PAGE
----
Tips on being a Project Manager with part-time teams

Let's face the facts: nobody likes to be bossed around. Even if they only feel like they are being bossed around. This creates distance and resistance to accepting instructions and suggestions. The team that is not dedicated to a project full-time can see a project manager as another boss. So the barrier for communication and cooperation can get even higher.
Stay focused: the project manager's main job is to get the project done on time and on budget or just get the project done. This means getting other people to do their jobs, which is made worse because they see the project manager as another boss on top of their own
First, the project manager (PM) has to eat some humble pie. The ability to get other people to do their job for the PM is based on how good the skills of the project manager. Some humility mixed with steadfastness and a firm hand is required. Otherwise, it's just bullying.  Bridging that boss-worker gap helps. Here are some tips to start bridging that gap.
  1. Don't use project management phrases with the team. Using them can been seen as being snobbish and distances the project manager from their team. Instead, use words that describe what they are. It's not Project Objectives, it's 'what we want this project be able to do at the end of it'.
  2. Describe tasks as a smaller part of the bigger picture when it overlaps with other people's job. Often a company re-uses internal resources. This means people who are part of the organisation but not involved directly in the project or with it full-time. They become defensive if they think the project manager is doing their job or trying to take away their job. The PM has to engage them with the goal of having them understand what the project and the PM wants to achieve. They will either get out of the way or help the PM along. If they refuse to cooperate, the PM has a legitimate reason to work around them or replace them. It's best the PM document their refusal because working around them may incur additional cost.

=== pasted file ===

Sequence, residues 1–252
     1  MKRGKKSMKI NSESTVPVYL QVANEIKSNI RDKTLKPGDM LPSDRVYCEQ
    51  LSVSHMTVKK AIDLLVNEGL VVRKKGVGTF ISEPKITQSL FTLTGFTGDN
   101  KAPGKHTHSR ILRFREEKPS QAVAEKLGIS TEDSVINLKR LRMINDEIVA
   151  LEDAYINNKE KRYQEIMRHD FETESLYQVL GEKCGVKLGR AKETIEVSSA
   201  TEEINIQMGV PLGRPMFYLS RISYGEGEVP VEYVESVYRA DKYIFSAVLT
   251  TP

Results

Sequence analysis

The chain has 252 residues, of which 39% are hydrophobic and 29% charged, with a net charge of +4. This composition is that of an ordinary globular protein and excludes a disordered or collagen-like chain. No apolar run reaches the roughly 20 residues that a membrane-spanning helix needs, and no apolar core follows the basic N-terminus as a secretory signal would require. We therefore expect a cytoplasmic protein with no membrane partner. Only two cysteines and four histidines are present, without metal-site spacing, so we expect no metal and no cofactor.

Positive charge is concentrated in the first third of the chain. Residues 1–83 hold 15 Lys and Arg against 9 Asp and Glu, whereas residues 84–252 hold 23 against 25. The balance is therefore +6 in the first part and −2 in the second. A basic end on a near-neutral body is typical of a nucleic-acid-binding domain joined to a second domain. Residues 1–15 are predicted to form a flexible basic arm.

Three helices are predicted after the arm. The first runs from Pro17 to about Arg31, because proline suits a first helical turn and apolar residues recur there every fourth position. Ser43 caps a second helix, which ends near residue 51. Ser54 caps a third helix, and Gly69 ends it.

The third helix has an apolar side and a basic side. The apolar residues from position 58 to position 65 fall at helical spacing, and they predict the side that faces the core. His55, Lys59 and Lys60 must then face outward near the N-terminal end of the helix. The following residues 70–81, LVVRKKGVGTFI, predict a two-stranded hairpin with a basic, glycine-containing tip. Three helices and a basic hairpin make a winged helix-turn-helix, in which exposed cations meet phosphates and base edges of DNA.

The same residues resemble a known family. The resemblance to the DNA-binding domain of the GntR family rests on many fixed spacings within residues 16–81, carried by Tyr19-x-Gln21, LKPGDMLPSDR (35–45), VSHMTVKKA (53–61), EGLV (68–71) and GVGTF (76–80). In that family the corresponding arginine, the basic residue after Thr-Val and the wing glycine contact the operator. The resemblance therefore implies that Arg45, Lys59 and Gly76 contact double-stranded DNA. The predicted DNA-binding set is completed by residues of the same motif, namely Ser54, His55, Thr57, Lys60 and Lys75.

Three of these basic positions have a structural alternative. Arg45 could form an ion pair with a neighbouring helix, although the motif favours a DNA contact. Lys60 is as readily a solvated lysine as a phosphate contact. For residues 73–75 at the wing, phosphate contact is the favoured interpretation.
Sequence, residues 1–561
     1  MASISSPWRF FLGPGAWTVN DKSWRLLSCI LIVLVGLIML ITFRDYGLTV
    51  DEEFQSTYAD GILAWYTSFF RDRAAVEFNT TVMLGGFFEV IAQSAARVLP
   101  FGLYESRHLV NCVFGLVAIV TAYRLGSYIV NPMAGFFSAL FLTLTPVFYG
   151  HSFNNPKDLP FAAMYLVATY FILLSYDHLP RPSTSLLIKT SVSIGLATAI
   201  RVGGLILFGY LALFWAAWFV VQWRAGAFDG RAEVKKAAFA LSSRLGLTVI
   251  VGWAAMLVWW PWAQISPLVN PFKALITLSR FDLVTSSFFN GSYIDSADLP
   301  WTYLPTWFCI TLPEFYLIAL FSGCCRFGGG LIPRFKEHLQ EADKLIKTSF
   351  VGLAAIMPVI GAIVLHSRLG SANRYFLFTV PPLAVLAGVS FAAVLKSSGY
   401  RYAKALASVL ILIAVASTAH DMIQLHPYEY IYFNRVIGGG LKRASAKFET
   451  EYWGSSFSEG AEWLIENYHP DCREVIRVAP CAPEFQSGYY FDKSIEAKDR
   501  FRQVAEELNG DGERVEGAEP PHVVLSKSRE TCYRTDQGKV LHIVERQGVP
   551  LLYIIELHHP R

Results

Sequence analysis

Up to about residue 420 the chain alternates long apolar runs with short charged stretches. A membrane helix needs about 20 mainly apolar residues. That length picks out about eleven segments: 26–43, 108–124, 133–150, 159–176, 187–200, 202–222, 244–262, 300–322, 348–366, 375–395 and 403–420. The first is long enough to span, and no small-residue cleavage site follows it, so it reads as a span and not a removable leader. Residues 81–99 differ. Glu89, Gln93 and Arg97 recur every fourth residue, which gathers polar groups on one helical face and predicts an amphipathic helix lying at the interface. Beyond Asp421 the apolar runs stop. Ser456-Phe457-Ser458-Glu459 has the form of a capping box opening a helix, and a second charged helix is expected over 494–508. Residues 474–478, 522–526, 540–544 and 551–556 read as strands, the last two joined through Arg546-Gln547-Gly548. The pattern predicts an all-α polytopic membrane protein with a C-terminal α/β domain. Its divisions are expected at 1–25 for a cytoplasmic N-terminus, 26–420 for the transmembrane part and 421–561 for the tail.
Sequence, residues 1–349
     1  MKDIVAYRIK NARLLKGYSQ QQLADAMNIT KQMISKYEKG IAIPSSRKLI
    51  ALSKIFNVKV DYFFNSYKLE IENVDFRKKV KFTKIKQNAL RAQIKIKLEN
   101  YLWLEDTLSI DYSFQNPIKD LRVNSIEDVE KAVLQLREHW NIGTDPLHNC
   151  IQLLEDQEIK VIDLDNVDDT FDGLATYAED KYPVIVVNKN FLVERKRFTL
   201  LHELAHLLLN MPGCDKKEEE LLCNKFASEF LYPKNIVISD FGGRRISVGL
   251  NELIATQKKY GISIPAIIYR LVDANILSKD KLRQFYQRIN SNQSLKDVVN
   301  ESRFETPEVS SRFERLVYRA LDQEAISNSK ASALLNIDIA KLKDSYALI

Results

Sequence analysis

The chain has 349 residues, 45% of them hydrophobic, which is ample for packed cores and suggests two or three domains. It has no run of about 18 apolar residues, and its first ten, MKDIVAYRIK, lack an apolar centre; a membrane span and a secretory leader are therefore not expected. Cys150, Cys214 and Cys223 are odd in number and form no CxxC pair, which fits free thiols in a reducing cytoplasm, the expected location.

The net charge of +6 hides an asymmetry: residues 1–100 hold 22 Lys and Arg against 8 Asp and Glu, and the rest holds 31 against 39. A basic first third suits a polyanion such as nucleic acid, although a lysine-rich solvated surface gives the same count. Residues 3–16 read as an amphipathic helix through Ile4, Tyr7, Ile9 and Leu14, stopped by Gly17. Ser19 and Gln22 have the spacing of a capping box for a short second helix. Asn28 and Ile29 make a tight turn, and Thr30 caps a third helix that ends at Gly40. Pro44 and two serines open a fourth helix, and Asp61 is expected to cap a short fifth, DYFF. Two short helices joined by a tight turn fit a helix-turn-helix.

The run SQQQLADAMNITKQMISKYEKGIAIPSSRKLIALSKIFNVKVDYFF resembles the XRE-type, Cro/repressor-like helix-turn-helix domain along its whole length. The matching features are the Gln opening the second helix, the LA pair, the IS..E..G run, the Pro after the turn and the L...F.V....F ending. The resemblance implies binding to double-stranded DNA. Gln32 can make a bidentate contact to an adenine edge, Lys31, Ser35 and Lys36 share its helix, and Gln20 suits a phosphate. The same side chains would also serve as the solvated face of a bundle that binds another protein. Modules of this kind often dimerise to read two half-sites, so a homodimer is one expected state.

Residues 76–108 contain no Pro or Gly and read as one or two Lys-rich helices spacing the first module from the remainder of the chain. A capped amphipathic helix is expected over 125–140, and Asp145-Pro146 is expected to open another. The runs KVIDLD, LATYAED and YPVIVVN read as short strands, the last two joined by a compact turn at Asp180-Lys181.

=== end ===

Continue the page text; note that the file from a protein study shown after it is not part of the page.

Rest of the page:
3. Understand the team's or team member's needs in relation to the project. The project manger has to show that they know what the team's needs are and understand why. The team members will appreciate that the PM understands them and their work. In most cases they will be more cooperative but the PM has to still prepare to take a stand when it comes to the project itself. 
  4. Do first the project management tasks or responsibilities that the team appreciates. Make it visible. It will go a long way if the customer appreciates them, too. Once the team can see project management tasks that they think is important being done, they won't mind the PM doing the tasks they value less (but is still important to project management).
  5. Create enough documentation process or documentation requirements to move the project along. The PM must be willing to change templates that cover too much or too little. The team has to see value in the documentation. The project manager must refer to them during meetings to show that the documents are being used and is useful. The PM also has to be prepared to take action when issue arise because they weren't used. This increases it's value even further.  
  6. Sign off on documents with your team. Documentation also establishes blame responsibility. The team knows that and may be reluctant to sign off on documents. Project managers should make it a habit in the beginning of the project to sign off directly below where your team members sign off. This shows that you are taking the responsibility with them
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